BMC Genomics (Jun 2019)

Arctic charr brain transcriptome strongly affected by summer seasonal growth but only subtly by feed deprivation

  • Anja Striberny,
  • Even H. Jørgensen,
  • Christophe Klopp,
  • Elodie Magnanou

Journal volume & issue
Vol. 20, no. 1
pp. 1 – 22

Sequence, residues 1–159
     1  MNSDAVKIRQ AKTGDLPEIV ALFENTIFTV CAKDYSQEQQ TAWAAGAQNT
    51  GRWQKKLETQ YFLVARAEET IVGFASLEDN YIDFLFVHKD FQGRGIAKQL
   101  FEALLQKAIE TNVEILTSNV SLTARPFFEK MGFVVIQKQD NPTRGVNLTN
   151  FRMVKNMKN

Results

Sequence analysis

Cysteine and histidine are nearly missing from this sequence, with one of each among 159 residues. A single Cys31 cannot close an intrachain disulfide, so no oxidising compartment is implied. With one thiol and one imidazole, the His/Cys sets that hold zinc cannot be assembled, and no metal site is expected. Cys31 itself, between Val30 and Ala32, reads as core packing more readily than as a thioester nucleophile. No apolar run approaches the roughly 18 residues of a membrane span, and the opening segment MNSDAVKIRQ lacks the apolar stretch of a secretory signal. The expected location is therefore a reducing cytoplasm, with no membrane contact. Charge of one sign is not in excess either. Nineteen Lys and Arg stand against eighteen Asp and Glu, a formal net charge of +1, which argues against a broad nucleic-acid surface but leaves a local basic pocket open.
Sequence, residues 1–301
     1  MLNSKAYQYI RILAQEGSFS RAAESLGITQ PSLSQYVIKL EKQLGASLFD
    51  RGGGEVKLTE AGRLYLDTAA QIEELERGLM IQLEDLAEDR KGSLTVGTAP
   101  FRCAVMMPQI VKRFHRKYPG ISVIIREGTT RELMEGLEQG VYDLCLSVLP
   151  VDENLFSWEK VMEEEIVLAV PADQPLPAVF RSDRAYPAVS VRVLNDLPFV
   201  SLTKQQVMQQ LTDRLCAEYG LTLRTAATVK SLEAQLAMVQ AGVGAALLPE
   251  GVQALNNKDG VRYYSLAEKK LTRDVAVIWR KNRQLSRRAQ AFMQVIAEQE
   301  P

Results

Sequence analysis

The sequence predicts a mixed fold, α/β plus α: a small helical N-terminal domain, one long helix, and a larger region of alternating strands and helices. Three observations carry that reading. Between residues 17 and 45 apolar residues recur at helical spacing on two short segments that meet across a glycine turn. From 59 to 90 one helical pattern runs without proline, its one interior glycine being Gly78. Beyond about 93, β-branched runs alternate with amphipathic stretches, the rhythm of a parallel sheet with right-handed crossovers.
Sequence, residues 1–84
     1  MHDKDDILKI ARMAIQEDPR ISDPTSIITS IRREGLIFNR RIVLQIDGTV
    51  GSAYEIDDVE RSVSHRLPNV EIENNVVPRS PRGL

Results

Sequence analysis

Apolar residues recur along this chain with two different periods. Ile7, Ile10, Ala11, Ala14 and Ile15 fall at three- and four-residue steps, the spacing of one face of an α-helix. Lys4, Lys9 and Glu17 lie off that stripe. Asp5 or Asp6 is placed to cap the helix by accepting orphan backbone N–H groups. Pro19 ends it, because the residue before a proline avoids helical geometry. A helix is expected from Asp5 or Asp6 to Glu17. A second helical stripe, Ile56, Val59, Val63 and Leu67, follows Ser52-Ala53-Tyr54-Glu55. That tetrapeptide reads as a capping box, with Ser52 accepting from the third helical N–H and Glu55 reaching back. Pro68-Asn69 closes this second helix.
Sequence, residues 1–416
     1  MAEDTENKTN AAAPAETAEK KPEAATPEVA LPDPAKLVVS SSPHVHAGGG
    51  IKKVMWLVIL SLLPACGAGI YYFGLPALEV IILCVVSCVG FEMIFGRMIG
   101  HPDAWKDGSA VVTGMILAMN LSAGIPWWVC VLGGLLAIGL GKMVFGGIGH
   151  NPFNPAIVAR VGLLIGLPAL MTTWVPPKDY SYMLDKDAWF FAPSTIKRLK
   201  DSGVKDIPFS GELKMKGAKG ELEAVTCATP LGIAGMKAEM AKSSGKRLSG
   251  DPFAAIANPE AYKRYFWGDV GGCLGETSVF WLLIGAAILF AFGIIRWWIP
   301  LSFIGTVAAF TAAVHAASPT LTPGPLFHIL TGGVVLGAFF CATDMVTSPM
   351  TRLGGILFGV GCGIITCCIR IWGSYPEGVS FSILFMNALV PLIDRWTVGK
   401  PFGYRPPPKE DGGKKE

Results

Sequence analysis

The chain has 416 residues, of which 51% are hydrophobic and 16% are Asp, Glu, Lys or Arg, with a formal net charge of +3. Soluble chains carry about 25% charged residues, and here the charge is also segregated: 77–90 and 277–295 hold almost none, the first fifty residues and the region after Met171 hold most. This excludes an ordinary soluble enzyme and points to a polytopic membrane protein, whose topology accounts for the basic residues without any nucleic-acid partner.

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Abstract Background The Arctic charr (Salvelinus alpinus) has a highly seasonal feeding cycle that comprises long periods of voluntary fasting and a short but intense feeding period during summer. Therefore, the charr represents an interesting species for studying appetite-regulating mechanisms in fish. Results In this study, we compared the brain transcriptomes of fed and feed deprived charr over a 4 weeks trial during their summer feeding season. Despite prominent differences in body condition between fed and feed deprived charr at the end of the trial, feed deprivation affected the brain transcriptome only slightly. In contrast, the transcriptome differed markedly over time in both fed and feed deprived charr, indicating strong shifts in basic cell metabolic processes possibly due to season, growth, temperature, or combinations thereof. The GO enrichment analysis revealed that many biological processes appeared to change in the same direction in both fed and feed deprived fish. In the feed deprived charr processes linked to oxygen transport and apoptosis were down- and up-regulated, respectively. Known genes encoding for appetite regulators did not respond to feed deprivation. Gene expression of Deiodinase 2 (DIO2), an enzyme implicated in the regulation of seasonal processes in mammals, was lower in response to season and feed deprivation. We further found a higher expression of VGF (non-acronymic) in the feed deprived than in the fed fish. This gene encodes for a neuropeptide associated with the control of energy metabolism in mammals, and has not been studied in relation to regulation of appetite and energy homeostasis in fish. Conclusions In the Arctic charr, external and endogenous seasonal factors for example the increase in temperature and their circannual growth cycle, respectively, evoke much stronger responses in the brain than 4 weeks feed deprivation. The absence of a central hunger response in feed deprived charr give support for a strong resilience to the lack of food in this high Arctic species. DIO2 and VGF may play a role in the regulation of energy homeostasis and need to be further studied in seasonal fish.